Sendor also said Justice United follows the principle of consent; it does not organize with communities that do not want someone organizing with them.

“We do not push relationships on people who do not want to be in a relationship with us,” she said. “That’s one of the key parts, and then the other part is that a lot of the leadership comes from people who are directly affected, or have something at stake.”

For example, when a campaign was created to address underrepresentation for residents of mobile home parks, some of the member churches put out announcements to the members of their congregation that if anyone lived in a mobile home park and wanted to learn about organizing to address some of the challenges in the park, they could attend a Justice United meeting.

The pandemic has hampered the ability for groups to gather, and even arrangements through virtual meetings can be a challenge when some areas in need have poor Internet access. Covid has also magnified some of the areas of need, like affordable housing and mental health, which a new issue for Justice United. 

“In some ways the pandemic has broken down some of the connections, and also exacerbated some of the struggles that were already happening, and made them even harsher,” Sendor said. “At the same time, we have a chance to reconnect and figure out where we want to focus our energy together this year. We’re a strictly nonpartisan group, but elections are often a good focus point for building relationships with candidates to have this relationship of accountability around issues that matter to us like housing or resources for health access.”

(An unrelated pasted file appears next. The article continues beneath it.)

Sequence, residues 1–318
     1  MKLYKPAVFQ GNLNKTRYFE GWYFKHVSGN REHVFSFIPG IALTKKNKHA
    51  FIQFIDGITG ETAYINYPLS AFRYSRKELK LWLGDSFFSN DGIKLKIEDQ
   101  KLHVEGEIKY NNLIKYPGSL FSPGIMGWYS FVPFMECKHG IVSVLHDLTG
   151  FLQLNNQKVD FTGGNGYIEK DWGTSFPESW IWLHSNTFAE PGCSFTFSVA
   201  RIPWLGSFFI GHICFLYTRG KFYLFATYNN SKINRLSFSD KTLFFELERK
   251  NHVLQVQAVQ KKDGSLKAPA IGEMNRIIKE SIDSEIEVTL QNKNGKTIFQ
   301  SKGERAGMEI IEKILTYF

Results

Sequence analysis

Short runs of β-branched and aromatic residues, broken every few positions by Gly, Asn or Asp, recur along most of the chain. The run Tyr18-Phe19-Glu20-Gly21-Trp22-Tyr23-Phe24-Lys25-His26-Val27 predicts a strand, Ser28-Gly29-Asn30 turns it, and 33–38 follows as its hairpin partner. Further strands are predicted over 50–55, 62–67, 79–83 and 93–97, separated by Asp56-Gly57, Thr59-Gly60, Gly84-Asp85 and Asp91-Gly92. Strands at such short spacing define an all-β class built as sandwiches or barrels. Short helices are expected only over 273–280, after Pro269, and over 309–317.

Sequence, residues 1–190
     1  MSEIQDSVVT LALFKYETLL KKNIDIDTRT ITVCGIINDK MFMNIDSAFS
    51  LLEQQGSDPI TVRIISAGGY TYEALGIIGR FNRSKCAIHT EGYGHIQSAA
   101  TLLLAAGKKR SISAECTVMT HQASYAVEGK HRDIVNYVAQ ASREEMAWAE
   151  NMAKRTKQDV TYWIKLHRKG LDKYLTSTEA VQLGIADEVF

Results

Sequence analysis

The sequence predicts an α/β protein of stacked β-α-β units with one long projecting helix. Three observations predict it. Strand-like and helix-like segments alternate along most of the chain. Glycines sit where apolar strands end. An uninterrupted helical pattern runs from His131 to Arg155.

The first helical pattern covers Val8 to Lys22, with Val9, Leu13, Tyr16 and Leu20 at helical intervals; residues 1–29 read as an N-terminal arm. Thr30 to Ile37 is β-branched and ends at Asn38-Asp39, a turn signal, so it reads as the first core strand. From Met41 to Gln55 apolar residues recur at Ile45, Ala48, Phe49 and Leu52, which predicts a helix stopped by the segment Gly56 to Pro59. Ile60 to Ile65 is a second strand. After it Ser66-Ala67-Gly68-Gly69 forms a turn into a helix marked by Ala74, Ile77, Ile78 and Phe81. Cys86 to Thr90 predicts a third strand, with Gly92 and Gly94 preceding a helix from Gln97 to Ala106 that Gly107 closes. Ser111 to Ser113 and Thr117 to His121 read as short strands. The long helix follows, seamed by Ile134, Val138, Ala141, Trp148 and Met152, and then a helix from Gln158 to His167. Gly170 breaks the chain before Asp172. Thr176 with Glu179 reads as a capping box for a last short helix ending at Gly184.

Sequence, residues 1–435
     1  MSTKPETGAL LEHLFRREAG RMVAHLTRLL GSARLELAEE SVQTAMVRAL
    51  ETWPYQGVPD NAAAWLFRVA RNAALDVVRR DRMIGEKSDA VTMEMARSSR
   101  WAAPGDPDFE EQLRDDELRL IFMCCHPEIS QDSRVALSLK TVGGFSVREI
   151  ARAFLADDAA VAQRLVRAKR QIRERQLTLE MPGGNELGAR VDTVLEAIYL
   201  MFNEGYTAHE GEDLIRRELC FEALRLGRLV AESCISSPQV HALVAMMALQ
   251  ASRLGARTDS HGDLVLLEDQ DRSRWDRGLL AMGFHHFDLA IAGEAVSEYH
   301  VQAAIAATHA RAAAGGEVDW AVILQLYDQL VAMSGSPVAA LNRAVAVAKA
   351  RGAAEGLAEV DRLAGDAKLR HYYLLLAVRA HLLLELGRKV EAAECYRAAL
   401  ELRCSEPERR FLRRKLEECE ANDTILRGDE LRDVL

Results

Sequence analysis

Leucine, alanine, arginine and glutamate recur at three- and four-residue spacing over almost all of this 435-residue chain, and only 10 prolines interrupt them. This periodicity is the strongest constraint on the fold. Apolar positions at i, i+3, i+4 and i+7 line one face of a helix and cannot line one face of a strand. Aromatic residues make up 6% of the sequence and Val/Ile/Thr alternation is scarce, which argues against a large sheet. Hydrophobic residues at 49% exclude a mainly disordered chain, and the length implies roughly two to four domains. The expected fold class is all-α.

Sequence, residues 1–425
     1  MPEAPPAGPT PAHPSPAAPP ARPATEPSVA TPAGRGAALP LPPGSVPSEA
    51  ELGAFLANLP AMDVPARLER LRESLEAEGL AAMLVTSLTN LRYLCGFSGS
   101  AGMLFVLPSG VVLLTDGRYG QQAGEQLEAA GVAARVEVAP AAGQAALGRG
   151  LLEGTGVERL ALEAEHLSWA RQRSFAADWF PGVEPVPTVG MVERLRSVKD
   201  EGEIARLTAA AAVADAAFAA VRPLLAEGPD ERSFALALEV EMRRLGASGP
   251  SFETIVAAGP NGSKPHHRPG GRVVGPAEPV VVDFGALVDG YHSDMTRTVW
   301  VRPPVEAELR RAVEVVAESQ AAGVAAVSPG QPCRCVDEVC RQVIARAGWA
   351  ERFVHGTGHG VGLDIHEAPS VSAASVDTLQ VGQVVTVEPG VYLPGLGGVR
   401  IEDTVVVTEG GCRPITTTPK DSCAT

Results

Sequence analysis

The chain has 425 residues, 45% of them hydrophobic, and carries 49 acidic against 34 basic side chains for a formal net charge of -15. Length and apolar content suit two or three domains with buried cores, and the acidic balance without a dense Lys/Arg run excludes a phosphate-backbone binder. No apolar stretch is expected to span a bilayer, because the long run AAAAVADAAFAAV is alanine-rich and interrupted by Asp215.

Training for Making Change 

with Orange County Justice United

Sunday, September 26, 12-1 pm

1710 Old NC 10, Hillsborough NC OR via Zoom (hybrid event)

Build skills for making real, local change for social justice, through Orange County Justice United.

Learn about next steps for participating in Justice United's countywide coalition for social justice.

The Unitarian Universalist Congregation of Hillsborough, a member organization of Orange County Justice United, is hosting the training, which is open to anyone who lives, works, and/or worships in Orange County. 

Please RSVP!

- For attending in person, RSVP with Julia Sendor, julia@ocjusticeunited.org.

- For attending via Zoom, visit www.ocjusticeunited.org/fall_internal_assembly to register and receive your unique link.